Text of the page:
The patchy light to dark brown skin discoloration of melasma is like a mask over your true appearance. It’s not a life-threatening condition, but it can cause a loss of confidence and self-esteem. As a result, the condition can cause a significant reduction in quality of life.
Adding to the mental coping challenge is the fact that melasma often strikes when women are already dealing with a lot, such as pregnancy, and menopause.
These two life stages involve significant hormonal changes that can trigger undesirable symptoms such as mood swings, sleeping problems, and fatigue. Adding facial blemishes to the equation will only intensify emotional trauma and anxiety.
Understanding the condition and the causes of melasma is a good first step to reducing your stress about the strange new blemishes that have suddenly appeared on your face. It will also help to know that there are melasma treatments available that will lessen the severity of melasma.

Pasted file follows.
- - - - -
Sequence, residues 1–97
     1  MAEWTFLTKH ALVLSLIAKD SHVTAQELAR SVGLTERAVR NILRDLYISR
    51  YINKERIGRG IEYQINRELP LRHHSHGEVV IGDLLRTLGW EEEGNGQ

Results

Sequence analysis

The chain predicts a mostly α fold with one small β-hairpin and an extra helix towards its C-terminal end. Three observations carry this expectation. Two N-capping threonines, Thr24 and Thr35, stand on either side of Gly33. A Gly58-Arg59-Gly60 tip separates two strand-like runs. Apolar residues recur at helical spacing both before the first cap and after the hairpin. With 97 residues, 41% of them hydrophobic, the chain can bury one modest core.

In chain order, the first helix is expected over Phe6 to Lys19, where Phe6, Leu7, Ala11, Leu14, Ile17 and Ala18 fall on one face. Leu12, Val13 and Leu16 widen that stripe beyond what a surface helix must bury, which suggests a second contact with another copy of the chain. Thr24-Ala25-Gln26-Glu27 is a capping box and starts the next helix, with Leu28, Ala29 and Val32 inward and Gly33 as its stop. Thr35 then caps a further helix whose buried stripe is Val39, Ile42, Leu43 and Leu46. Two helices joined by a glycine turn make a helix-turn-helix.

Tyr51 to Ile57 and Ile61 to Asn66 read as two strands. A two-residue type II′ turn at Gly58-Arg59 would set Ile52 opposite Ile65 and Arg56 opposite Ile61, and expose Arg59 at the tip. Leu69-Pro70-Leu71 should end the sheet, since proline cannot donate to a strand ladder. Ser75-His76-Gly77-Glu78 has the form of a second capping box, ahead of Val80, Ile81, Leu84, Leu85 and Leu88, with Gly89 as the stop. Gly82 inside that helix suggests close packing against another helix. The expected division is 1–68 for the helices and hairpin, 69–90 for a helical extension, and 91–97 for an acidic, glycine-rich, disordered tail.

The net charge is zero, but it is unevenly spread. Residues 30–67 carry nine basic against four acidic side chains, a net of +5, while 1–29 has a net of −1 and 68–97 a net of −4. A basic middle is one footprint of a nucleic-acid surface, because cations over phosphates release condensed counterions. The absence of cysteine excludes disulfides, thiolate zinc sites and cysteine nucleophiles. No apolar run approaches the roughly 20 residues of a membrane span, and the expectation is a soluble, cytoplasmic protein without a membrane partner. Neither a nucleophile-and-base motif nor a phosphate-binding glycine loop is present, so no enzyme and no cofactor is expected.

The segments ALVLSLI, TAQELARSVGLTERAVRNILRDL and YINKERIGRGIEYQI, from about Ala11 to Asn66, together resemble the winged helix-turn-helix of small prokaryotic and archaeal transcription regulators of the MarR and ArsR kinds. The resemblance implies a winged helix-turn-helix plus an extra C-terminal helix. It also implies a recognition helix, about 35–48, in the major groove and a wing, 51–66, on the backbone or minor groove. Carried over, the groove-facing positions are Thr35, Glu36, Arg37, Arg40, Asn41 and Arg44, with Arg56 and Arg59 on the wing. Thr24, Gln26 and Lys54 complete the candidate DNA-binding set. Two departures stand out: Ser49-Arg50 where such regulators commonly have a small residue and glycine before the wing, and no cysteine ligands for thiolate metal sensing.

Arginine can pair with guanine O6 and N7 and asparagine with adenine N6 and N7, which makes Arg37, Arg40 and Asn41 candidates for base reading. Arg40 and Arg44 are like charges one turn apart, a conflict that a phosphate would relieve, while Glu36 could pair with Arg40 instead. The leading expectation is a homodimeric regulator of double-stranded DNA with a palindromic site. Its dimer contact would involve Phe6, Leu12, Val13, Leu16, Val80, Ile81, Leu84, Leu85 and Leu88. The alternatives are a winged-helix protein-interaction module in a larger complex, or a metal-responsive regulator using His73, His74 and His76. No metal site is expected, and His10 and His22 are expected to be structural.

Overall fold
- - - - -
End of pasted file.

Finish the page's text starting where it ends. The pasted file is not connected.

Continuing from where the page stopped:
Melasma Lifestyle Modifications: Is Melasma Treatable or Not?
Unfortunately, there is no cure for melasma. However, treatments are available to lessen its appearance, and there may also be a few lifestyle changes you can make that could help.
We don’t know of any foods or drinks that will stop melasma, but many dermatologists say skin-friendly nutrition, such as foods rich in vitamin D, can stop it from worsening. Add foods and drinks rich in vitamin D to your diet, like:
- Orange juice
- Oily Fish
- Almond Milk
You may also consider taking a vitamin D supplement. Your healthcare provider can measure vitamin D levels, so you can know if you are getting enough.
As sunlight can trigger melasma, ensuring your skin is protected from the sun is another straightforward lifestyle choice you can make. Apply good quality broad spectrum sunscreen, and wear sun protective clothing, such as a wide brimmed hat and sunglasses. Ensure you carry a tube of sunscreen with you so you can reapply it every couple of hours. Sun protection, even when indoors, is ideal for people with melasma.